How To Handle Custom URL Protocols with the Microsoft WebBrowser Control

Now that you know “How To Use the Microsoft WebBrowser Control to Render HTML from Memory” and “How To Navigate to an Anchor in the Microsoft WebBrowser Control when Rendering HTML from Memory“, it’s time to learn how to handle custom URL protocols to tailor the navigation inside the WebBrowser Control to fit your application. The following demonstrates a custom URL protocol called “app”:

<a href="app://">Test</a>

When you would put this link in a normal Internet Explorer window, clicking the link will generate an error because IE does not know how to handle the APP protocol. The name APP is chosen arbitrarily. You can use whatever you want. Handling these custom protocols in your C++ application is actually pretty simple and it doesn’t even involve any real COM coding like in the previous articles. The first thing you need to do is to add a handler for the BeforeNavigate2 handler. Open the resource editor and open your dialog with the WebBrowser control. Right click the WebBrowser control and select “Add Event Handler…”. Select “BeforeNavigate2” as message type, select the appropriate class and click “Add and Edit”. This handler will be called right before the WebBrowser control will navigate to a new page. To handle the custom protocol, implement the handler as follows:

void CMyDlg::BeforeNavigate2Explorer(LPDISPATCH pDisp, VARIANT* URL, VARIANT* Flags,
    VARIANT* TargetFrameName, VARIANT* PostData, VARIANT* Headers, BOOL* Cancel)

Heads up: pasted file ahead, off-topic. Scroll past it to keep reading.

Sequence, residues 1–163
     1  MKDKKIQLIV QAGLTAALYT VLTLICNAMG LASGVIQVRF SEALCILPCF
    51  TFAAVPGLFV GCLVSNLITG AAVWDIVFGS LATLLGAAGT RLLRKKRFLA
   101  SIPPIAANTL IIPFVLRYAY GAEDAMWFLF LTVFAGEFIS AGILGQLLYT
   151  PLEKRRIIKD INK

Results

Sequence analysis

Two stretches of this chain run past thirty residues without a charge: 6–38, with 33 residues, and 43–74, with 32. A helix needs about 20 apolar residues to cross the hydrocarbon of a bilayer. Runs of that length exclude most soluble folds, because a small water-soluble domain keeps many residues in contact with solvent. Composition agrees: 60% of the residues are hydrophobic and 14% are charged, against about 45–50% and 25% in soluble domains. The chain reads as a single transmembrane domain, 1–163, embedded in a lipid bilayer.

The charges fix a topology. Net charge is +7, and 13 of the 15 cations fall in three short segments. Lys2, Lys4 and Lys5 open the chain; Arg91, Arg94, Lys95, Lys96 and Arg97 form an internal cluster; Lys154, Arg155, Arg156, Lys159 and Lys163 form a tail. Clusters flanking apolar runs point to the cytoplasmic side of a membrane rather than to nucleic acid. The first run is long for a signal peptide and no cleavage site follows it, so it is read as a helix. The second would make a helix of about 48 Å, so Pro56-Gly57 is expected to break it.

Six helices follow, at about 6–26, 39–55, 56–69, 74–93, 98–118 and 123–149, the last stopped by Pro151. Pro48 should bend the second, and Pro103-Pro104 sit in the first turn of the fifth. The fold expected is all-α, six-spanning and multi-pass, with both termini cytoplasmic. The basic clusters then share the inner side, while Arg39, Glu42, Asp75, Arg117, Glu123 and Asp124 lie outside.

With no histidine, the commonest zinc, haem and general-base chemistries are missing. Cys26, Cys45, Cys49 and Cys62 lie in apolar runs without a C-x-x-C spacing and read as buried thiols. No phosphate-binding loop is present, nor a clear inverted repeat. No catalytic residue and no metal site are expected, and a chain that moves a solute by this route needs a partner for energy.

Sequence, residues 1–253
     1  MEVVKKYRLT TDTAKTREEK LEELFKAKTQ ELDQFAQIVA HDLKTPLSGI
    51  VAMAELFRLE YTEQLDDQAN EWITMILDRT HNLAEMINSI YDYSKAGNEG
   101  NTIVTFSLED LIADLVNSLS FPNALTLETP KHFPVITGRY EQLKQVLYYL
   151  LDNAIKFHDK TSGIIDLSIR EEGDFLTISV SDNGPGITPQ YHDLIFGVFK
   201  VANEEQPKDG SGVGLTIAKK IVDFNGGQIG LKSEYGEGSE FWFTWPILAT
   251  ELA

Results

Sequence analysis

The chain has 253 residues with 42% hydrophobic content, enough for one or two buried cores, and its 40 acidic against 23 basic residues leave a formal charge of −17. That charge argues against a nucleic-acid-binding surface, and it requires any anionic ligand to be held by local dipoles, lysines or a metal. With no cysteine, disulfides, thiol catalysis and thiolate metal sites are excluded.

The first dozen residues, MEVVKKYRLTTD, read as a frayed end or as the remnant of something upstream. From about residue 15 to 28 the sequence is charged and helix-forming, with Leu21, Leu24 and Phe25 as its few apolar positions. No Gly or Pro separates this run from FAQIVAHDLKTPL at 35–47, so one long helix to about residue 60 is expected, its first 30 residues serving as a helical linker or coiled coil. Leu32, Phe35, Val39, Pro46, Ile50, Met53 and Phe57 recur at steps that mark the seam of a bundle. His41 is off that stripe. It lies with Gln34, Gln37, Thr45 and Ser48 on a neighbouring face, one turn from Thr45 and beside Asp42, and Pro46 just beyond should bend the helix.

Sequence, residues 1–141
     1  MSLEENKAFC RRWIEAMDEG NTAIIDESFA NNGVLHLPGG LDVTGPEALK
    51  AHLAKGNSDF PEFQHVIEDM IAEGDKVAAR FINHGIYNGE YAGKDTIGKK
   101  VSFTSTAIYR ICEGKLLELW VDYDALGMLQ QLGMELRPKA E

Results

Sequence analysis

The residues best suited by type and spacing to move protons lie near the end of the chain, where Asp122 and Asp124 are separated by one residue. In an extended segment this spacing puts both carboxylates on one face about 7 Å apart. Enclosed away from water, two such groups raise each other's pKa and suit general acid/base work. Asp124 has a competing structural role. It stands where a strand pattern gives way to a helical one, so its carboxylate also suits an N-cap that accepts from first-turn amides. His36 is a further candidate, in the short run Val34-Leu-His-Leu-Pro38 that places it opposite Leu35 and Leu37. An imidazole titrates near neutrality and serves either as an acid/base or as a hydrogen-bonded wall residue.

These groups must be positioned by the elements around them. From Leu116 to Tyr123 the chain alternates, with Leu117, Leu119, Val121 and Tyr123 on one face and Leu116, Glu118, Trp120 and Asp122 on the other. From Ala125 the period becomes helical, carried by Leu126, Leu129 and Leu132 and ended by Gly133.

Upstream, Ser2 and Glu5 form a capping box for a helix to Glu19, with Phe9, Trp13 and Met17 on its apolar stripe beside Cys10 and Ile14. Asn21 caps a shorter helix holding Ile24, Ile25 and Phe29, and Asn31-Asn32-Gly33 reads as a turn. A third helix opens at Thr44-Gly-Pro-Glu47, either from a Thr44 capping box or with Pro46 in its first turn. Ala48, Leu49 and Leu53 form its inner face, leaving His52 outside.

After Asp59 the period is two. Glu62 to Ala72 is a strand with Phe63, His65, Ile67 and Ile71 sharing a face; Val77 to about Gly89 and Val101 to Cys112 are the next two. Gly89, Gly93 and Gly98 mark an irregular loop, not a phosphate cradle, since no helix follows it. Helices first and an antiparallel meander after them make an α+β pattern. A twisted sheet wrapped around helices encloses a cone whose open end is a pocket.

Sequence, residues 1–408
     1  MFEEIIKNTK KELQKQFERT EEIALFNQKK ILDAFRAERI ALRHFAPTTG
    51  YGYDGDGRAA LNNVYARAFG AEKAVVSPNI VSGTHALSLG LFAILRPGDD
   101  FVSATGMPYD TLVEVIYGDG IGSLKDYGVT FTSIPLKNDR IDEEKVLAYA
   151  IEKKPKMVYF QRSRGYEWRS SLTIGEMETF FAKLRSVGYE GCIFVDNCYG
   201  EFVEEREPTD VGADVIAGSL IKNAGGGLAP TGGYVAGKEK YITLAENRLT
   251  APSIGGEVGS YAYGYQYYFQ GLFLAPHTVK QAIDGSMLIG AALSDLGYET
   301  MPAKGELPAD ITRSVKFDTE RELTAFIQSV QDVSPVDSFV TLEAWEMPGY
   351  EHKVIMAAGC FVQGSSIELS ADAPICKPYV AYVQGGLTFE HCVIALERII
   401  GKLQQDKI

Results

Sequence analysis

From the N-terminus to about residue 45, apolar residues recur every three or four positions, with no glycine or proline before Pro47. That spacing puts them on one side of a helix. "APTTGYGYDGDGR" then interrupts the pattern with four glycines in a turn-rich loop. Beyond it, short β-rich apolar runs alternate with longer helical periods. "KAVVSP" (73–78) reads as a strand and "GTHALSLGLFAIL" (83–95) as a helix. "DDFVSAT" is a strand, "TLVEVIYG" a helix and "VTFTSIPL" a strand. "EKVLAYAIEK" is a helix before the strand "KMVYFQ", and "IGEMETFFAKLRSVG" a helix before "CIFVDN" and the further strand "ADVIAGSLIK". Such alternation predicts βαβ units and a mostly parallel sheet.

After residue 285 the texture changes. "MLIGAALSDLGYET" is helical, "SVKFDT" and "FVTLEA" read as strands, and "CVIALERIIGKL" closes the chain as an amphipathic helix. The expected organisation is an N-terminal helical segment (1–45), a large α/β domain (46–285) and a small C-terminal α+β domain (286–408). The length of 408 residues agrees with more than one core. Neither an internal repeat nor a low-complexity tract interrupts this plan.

const wchar_t* cpszProtocolName = L"app";
    const wchar_t* cpszProtocolSeparator = L"://";

    // We only handle VT_BSTR.
    if (URL->vt != VT_BSTR)

    // Check the protocol of the URL
    CString str = URL->bstrVal;
    int iPos = str.Find(cpszProtocolSeparator);
    if (iPos == -1)    // Unable to figure out protocol

    // Extract protocol and check if it's our APP protocol
    CString strProtocol = str.Mid(0, iPos);
    if (strProtocol.CompareNoCase(cpszProtocolName))
        return;    // not our APP protocol

    // It's our APP protocol, so start processing it.
    // Start by preventing Internet Explorer from handling the protocol.
    *Cancel = TRUE;

    // Extract target URL
    CString strTarget = str.Mid(iPos+wcslen(cpszProtocolSeparator));

    // Now we are ready to process our protocol.
    // For this demo, I just render a new HTML page with the name
    // of the URL target without the protocol part of the string.
    CString strHTML;
    strHTML.Format(L"My APP protocol processing: \"%s\"", strTarget);

The flow is pretty straightforward. The URL protocol is extracted; if it’s not our protocol, we let Internet Explorer handle the URL for us. If it is our custom “APP” protocol, we first set Cancel to TRUE which will prevent Internet Explorer from handling this URL protocol. Once that is done, we are completely free to implement the handling of the “APP” protocol however we want. As demonstration I just write a new HTML document from memory which will just mention that we are processing an “APP” protocol URL and that will also display the target part of the URL.

You can quickly test the code with the following piece of HTML rendered from memory:

    L"<p><a href=\"app://FirstAppProtocolTestLink\">test 1</a></p>"
    L"<p><a href=\"APP://SecondAppProtocolTestLink.Withdots\">test 2</a></p>"

Run the application, click on the “test 1″ or “test 2″ link and see what happens.

That’s it for handling custom URL protocols in C++ :)


1 Comment so far »

  1. pp said,

    Wrote on December 21, 2010 @ 7:26 pm

    That’s all nice and well, but BeforeNavigate2 event fires only when control is loading an URL (or frame). So that means once per HTML page.

    Do you know any way how would you be able to filter these out (or custom handle) before the HTML has loaded?

    In other words – is there an event that would fire on each a href tag – in above example – twice – WHILE loading HTML.

    In particular I need it to filter out and cancel unwanted URL’s (like unwanted images, unwanted scripts etc.) but could be of course used for something like this as well. Any idea?

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